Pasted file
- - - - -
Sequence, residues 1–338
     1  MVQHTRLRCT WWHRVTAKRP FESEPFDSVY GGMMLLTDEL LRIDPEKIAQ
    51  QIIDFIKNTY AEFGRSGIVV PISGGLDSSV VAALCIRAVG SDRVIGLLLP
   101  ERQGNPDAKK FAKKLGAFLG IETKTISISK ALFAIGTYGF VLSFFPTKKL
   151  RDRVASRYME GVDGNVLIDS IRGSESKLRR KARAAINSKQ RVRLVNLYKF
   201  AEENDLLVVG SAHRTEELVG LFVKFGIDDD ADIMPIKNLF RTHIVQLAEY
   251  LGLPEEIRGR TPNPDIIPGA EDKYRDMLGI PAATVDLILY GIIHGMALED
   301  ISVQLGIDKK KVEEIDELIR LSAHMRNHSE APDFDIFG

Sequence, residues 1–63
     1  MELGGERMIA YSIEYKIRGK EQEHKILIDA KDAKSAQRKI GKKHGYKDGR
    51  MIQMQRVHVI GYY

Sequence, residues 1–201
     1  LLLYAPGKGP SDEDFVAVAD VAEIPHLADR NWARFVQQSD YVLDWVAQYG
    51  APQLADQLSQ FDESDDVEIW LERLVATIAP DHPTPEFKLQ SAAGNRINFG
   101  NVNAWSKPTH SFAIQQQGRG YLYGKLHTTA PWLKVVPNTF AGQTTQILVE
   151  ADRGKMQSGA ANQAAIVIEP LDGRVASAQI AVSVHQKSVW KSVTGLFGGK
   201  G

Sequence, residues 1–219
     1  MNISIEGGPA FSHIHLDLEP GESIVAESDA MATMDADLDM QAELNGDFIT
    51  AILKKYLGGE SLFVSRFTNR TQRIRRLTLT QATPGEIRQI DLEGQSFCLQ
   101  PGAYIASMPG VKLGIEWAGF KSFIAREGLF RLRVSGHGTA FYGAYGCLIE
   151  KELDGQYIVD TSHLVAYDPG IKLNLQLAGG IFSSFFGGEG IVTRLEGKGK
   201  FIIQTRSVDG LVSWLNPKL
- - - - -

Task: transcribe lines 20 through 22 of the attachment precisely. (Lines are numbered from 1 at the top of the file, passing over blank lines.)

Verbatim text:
    51  AILKKYLGGE SLFVSRFTNR TQRIRRLTLT QATPGEIRQI DLEGQSFCLQ
   101  PGAYIASMPG VKLGIEWAGF KSFIAREGLF RLRVSGHGTA FYGAYGCLIE
   151  KELDGQYIVD TSHLVAYDPG IKLNLQLAGG IFSSFFGGEG IVTRLEGKGK